Running head: SYMPTOMS AND TREATMENT OF BIPOLAR Concept Map of Pathophysiology of Bipolar Disorder and Possible Medications for Treatment Name
Institutional Affiliation
Bipolar also known as manic depression is a mental disorder where the person affected experiences serious mood swings. The affected person experiences mania and depression that can either be brief or last for several days. The periods vary from person to person. When a person experiences a manic episode, he or she experiences extreme irritability, happiness, hyperactivity, rapid speech and little desire for sleep. On the other hand, a depression could see the person experience extreme sadness, lack of interest, feelings of helplessness and hopelessness. The causes of bipolar have not yet been established. There are certain forms of medication that are used to control the symptoms of bipolar disorder
Bipolar disorder concept map
What medications might be considered as treatment for this patient, and why?
It is important to note that, bipolar has different types of medications that can help control its symptoms. However, not every patient with bipolar disorder responds to medications in a similar manner. This means that doctors could prescribe different medications before coming to the ones that work best for a particular patient. The types of medications generally used in the treatment of bipolar disorder include atypical antipsychotics, mood stabilizers and antidepressants (Grunze, et. al, 2013).
Mood stabilizers are normally the first choice in the treatment of bipolar. Patients with bipolar generally use mood stabilizers for years. There are several mood stabilizers that are good for people with bipolar. First, lithium also known as Lithobid or Eskalith is an effective mood stabilizer for bipolar patients. It treats both manic and depressive episodes. However, lithium could have side effects including restlessness, bloating, dry mouth, acne and joint and muscle pain among other side effects. The doctor should first check the amount of lithium in the body before prescribing the medication. Secondly, anticonvulsants are also used as stabilizers for people with bipolar disorder. They help control moods. Examples of anticonvulsants include Valproic acid, Lamotrigine, gabapentin, oxcarbazepine and topiramate. However, anticonvulsants could have side effects including drowsiness, headache, dizziness, heartburn, constipation and mood swings (McCance & Huether, 2010).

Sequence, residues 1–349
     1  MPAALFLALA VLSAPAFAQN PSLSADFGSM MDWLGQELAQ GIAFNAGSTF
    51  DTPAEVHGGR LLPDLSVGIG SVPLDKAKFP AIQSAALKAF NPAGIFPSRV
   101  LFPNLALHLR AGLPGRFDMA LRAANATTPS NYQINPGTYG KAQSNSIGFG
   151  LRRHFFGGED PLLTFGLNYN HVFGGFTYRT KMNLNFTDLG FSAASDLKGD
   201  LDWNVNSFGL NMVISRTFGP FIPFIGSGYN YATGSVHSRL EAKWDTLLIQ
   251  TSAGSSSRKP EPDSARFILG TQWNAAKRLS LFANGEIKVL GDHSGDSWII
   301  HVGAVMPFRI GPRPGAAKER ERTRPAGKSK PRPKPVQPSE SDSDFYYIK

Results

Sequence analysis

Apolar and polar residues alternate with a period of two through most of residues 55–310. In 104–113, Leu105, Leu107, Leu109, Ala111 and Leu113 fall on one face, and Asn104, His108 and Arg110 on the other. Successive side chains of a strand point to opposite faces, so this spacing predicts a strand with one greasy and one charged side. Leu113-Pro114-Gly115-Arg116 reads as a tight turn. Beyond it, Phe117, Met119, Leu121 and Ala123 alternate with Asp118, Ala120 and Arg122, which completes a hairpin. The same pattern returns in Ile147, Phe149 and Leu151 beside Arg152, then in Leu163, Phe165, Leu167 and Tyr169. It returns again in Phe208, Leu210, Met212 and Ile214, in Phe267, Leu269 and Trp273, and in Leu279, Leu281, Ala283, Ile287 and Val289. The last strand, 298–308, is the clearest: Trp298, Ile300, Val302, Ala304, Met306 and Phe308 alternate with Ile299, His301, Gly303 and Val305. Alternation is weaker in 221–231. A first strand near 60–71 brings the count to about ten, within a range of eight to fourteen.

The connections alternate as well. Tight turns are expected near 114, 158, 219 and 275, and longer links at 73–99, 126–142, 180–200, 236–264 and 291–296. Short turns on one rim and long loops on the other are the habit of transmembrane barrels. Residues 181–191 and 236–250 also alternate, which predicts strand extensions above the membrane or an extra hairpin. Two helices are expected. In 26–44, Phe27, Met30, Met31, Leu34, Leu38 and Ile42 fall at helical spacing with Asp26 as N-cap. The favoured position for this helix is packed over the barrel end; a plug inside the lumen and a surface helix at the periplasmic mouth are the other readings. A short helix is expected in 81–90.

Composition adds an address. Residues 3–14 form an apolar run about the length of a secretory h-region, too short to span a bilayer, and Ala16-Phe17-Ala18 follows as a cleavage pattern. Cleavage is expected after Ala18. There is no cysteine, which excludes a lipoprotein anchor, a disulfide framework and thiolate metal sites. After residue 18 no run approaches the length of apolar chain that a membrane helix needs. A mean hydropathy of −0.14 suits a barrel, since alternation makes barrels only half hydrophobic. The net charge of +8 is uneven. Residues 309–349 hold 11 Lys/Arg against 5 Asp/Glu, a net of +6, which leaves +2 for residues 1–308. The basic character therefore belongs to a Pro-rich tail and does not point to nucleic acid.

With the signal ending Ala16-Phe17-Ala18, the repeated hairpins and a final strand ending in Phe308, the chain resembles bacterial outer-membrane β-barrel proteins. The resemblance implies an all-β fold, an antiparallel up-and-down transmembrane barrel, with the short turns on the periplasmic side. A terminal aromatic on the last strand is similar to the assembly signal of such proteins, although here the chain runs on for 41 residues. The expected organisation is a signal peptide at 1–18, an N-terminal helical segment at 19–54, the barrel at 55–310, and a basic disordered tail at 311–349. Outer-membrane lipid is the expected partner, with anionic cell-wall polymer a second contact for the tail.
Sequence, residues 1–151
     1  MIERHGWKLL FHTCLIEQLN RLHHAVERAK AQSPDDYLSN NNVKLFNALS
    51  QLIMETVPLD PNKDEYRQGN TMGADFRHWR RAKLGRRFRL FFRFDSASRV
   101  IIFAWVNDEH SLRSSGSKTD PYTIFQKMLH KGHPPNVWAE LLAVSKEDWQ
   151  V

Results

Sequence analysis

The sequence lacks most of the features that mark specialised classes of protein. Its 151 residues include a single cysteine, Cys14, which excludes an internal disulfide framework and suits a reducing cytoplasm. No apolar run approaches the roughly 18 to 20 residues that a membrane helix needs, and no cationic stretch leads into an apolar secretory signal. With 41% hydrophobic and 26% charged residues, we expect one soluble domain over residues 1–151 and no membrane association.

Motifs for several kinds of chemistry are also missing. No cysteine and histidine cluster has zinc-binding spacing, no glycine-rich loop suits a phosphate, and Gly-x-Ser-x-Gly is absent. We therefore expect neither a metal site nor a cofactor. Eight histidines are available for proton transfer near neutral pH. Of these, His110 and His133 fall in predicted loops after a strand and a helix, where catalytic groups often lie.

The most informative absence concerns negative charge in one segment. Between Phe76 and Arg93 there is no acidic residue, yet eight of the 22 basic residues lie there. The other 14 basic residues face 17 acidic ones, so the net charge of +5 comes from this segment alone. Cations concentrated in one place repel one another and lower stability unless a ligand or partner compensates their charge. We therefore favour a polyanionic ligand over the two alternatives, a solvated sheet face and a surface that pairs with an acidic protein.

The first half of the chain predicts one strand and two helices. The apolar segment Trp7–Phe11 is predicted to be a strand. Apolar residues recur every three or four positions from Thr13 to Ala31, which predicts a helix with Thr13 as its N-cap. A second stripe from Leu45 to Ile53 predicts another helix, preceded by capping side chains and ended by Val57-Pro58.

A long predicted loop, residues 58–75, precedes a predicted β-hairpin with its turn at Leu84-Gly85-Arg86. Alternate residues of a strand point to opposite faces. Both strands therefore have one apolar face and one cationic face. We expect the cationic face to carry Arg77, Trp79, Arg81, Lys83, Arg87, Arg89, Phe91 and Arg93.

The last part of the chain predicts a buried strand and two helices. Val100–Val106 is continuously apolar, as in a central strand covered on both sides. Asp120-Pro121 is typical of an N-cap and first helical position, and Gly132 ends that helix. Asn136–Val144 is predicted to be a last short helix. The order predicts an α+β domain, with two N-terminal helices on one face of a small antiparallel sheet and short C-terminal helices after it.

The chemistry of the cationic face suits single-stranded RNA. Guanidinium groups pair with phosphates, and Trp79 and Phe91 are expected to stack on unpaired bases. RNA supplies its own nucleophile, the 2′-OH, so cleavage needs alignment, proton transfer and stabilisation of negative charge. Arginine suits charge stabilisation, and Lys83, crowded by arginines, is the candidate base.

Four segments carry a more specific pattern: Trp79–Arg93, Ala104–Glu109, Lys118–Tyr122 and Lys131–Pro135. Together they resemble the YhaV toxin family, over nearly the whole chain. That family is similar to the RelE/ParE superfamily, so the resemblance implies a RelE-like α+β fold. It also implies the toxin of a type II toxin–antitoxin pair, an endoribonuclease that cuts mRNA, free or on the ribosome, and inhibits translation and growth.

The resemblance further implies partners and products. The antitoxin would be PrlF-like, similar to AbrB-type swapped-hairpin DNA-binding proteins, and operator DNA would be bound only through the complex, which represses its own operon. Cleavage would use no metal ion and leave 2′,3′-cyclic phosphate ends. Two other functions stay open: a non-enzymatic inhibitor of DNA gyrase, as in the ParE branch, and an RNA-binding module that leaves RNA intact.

Atypical antipsychotics are used to treat the symptoms of bipolar, however, not all the time. They are prescribed among other medications such as antidepressants and they include olanzapine, aripiprazole and quetiapine. These also have side effects that include dizziness, drowsiness, sensitivity to the sun, menstrual problems for women and rapid heartbeat and could increase the chances of diabetes. This means that the doctor should check important aspects such as glucose levels, weight and lipid levels (Yatham, et. al 2005).
Antidepressants are also used to treat depressive episodes in bipolar patients. Some of the antidepressants used include fluoxetine (Prozac), sertraline (Zoloft), paroxetine (paxil) and bupropion (wellbutrin). However, they are prescribed with mood stabilizers because, if taken alone, they can increase the risk of mania. The side effects o antidepressants could include headache, agitation and nausea (Yatham, et. al 2005).
Aside from medication, patients with bipolar disorder need psychotherapy because it provides support, guidance and education to patients and their families on how to handle the situation. Some psychotherapy treatments for bipolar include family-focused therapy, cognitive behavioral therapy, psycho-education and interpersonal and social rhythm therapy (Brashers, 2006).
Brashers, V. L. (2006). Clinical applications of pathophysiology: An evidence-based approach.
New York: Mosby Elsevier
Grunze, H., Vieta, E., Goodwin, G. M., Bowden, C., Licht, R. W., Möller, H. J., & Kasper, S.
(2013). The World Federation of Societies of Biological Psychiatry (WFSBP) guidelines for the biological treatment of bipolar disorders: update 2012 on the long-term treatment of bipolar disorder. The World Journal of Biological Psychiatry, 14(3), 154-219.
McCance, K. L., & Huether, S. E. (Eds.). (2010). Pathophysiology: The biologic basis for disease
in children and adults. New York: Mosby Elsevier.
Yatham, L. N., Kennedy, S. H., ODonovan, C., Parikh, S., MacQueen, G., McIntyre, R. &
Gorman, C. P. (2005). Canadian Network for Mood and Anxiety Treatments (CANMAT)
guidelines for the management of patients with bipolar disorder: consensus and controversies. Bipolar disorders, seven (s3), 5-69.